Weegee works on display in New York and Los Angeles

Weegee's Hats in pool room, Mulberry Street, New York, circa 1943. Copyright Weegee/ICP

Opening today at the International Center of Photography (ICP) in New York is “Weegee: Murder Is My Business.”

The famous photographer was born Usher Fellig in 1899 in what is now the Ukraine; his family moved to New York in 1909. He later acquired the nickname Weegee from the Ouija board game because of his knack for arriving at crime scenes just minutes after the crimes were reported.

Says the ICP: Between 1935 and 1946, Weegee was one of the most relentlessly inventive figures in American photography. His graphically dramatic and often lurid photographs of New York crimes and news events set the standard for what has become known as tabloid journalism.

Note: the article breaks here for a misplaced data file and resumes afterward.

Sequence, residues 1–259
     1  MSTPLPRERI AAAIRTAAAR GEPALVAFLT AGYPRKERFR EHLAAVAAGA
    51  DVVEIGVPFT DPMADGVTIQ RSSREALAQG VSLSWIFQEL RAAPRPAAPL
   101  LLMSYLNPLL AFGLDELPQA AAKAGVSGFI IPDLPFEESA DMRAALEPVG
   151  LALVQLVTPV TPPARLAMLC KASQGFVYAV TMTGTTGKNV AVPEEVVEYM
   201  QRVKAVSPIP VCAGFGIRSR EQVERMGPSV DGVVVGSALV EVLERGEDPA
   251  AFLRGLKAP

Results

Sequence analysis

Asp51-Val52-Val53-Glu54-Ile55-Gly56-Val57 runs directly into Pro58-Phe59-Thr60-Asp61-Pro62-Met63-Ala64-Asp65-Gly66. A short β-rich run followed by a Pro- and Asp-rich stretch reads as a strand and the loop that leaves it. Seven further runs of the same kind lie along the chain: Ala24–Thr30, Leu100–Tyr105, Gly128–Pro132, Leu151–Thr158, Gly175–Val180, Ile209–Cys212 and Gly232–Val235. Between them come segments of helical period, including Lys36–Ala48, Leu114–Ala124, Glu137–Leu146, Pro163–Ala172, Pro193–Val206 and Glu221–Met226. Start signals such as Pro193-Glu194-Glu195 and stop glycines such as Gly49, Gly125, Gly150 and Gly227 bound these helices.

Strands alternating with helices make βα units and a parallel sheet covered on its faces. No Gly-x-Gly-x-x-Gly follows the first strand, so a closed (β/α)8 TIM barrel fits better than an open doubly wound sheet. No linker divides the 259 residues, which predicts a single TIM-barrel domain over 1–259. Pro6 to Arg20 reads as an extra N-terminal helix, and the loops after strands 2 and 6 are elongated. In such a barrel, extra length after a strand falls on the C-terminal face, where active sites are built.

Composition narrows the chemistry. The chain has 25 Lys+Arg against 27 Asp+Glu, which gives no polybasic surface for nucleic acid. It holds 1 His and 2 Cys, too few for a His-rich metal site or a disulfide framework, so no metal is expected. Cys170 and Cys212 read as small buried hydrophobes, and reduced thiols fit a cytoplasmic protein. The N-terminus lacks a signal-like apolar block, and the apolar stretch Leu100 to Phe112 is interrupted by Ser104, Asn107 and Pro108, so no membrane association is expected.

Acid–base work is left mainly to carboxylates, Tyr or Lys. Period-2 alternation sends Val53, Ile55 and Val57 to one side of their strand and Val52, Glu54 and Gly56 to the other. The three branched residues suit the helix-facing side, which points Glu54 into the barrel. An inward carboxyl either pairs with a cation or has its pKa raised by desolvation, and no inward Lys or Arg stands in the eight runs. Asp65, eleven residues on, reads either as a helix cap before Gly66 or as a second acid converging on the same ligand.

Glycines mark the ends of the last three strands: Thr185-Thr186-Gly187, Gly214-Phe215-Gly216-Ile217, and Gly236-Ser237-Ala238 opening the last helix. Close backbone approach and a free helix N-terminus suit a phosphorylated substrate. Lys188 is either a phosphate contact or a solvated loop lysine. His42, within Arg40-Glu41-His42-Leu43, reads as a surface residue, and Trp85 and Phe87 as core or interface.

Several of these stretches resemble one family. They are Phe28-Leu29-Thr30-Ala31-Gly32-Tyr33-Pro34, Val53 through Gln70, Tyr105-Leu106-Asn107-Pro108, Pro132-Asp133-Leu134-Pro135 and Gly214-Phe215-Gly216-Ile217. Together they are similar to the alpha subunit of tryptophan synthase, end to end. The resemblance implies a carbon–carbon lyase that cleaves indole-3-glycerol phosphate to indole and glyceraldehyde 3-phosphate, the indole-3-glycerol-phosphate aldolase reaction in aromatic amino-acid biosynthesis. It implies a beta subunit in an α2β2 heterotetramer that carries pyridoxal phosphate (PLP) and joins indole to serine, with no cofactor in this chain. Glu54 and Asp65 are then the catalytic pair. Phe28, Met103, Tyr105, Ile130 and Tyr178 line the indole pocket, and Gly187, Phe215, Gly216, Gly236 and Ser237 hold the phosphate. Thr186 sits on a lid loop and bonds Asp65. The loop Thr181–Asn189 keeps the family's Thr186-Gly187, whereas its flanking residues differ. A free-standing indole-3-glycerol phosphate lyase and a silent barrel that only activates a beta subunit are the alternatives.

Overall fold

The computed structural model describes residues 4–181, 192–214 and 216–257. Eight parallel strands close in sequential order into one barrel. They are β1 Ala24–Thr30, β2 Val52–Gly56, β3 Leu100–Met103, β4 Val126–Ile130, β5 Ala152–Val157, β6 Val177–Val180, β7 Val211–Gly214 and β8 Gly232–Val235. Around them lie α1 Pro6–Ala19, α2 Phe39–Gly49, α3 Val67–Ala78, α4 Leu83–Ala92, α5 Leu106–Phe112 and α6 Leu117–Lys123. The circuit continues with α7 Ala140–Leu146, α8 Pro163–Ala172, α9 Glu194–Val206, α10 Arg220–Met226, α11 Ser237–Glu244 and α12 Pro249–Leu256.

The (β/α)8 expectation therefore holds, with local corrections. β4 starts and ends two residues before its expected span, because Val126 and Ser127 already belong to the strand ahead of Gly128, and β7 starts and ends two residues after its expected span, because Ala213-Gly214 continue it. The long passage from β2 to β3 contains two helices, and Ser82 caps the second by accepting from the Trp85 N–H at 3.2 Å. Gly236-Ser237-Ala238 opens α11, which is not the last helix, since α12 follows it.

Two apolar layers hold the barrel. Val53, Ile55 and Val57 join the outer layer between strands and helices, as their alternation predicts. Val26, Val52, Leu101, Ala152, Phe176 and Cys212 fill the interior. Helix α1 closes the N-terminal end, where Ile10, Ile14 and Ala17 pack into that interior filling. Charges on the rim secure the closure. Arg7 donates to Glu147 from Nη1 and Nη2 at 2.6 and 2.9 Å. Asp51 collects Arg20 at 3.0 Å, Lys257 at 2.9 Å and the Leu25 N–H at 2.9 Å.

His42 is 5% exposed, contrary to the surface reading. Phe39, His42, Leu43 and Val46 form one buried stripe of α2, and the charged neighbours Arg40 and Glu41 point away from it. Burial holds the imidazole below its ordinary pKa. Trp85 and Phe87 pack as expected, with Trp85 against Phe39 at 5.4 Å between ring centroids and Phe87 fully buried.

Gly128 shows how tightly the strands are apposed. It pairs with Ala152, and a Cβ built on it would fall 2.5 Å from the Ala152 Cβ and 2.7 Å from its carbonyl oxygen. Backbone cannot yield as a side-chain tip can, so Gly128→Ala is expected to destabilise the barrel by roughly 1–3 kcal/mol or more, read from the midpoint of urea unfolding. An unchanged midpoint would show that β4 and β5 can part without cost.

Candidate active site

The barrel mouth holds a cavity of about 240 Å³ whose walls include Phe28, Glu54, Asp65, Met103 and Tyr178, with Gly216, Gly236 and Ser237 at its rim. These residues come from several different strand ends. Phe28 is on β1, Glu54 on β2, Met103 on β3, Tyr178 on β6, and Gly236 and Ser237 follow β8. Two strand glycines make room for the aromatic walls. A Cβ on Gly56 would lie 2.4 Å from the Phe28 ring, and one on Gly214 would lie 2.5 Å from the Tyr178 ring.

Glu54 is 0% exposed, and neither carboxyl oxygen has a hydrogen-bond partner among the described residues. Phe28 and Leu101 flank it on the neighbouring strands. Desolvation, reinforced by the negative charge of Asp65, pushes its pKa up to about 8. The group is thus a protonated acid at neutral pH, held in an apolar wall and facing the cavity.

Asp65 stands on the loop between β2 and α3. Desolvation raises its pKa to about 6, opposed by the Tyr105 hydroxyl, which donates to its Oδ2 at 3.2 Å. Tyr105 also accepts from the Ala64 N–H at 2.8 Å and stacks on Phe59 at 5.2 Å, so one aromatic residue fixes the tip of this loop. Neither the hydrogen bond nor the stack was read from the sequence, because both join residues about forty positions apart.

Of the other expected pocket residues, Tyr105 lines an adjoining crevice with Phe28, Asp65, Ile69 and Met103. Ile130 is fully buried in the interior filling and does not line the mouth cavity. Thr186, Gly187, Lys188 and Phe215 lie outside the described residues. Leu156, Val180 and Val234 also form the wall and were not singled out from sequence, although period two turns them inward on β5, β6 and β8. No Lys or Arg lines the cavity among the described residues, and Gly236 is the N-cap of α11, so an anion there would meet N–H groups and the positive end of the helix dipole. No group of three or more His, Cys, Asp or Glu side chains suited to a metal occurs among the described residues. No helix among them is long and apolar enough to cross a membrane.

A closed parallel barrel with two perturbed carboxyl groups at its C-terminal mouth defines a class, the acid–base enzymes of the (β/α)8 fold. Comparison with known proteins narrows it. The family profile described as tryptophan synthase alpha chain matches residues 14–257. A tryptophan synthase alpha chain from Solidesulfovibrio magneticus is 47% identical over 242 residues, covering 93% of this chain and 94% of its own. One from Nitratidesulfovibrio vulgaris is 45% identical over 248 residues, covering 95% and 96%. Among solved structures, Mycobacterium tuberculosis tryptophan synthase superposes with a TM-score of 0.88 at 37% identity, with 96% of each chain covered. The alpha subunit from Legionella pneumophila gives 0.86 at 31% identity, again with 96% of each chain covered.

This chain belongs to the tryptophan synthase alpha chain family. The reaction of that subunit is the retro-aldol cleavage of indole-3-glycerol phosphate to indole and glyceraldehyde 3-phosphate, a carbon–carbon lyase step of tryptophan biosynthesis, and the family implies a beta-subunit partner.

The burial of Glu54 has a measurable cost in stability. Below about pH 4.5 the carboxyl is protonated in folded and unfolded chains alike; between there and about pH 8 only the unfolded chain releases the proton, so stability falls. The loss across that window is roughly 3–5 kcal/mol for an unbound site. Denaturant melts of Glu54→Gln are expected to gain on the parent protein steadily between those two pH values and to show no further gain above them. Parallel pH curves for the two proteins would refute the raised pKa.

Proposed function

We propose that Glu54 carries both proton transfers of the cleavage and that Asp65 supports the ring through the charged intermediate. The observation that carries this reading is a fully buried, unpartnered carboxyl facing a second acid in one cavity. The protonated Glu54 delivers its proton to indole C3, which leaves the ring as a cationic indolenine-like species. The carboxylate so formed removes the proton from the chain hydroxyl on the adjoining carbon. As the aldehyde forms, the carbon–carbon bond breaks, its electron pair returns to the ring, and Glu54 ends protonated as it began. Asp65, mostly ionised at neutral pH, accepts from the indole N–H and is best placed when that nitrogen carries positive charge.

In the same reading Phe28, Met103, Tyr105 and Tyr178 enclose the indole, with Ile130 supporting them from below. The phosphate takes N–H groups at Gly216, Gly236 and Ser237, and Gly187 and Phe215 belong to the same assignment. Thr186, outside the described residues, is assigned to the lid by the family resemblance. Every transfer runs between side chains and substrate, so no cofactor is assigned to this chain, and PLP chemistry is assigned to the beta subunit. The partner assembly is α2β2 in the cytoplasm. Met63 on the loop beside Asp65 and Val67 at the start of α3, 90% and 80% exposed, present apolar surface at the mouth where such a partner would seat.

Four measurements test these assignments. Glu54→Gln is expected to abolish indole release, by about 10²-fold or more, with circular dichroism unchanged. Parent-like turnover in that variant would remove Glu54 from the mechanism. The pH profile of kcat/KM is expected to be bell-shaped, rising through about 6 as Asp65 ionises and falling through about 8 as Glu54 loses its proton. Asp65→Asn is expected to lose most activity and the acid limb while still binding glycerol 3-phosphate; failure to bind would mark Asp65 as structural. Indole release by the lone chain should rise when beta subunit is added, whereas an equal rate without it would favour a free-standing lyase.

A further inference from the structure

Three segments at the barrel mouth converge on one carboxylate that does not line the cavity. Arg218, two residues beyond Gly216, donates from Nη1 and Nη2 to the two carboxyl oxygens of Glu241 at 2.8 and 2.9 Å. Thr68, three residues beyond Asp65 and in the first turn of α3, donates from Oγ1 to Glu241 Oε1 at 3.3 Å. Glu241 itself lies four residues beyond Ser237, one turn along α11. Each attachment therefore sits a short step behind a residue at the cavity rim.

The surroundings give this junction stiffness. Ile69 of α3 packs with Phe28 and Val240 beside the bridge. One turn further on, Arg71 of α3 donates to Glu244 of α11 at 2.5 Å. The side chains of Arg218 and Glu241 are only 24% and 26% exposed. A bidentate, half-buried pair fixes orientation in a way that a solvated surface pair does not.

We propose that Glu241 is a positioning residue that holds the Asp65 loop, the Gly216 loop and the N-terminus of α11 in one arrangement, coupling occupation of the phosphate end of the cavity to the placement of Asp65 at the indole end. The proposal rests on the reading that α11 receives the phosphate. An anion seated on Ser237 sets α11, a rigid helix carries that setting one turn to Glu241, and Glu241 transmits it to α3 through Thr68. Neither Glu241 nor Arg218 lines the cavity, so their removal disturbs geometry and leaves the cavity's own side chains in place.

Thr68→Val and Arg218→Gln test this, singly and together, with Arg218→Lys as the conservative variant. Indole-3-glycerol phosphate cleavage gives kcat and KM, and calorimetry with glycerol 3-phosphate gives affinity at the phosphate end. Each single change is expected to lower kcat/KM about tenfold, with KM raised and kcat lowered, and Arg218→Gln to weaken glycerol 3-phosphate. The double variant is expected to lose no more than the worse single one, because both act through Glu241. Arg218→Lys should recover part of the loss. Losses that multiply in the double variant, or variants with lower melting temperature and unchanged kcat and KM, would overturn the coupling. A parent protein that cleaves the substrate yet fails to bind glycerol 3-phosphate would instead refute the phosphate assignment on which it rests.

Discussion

Weegee also wrote extensively (including his autobiographical “Naked City,” published in 1945) and organized his own exhibitions. He died in 1968. This show includes environmental recreations of Weegee’s apartment and exhibitions. It runs through Sept. 2.

And running through Feb. 27 at MOCA is “Naked Hollywood: Weegee in Los Angeles.” More than 200 works from ICP’s Weegee archive are on display.

This Sunday, Jan. 22, at 3 p.m., Richard Meyer, guest curator of “Naked Hollywood,” Brian Wallis, chief curator at the ICP, and art historian Colin Westerbeck will discuss Weegee’s work, tabloid photography, celebrity culture and the lure of the lowbrow.

MOCA is at 250 S. Grand Ave. in Los Angeles.

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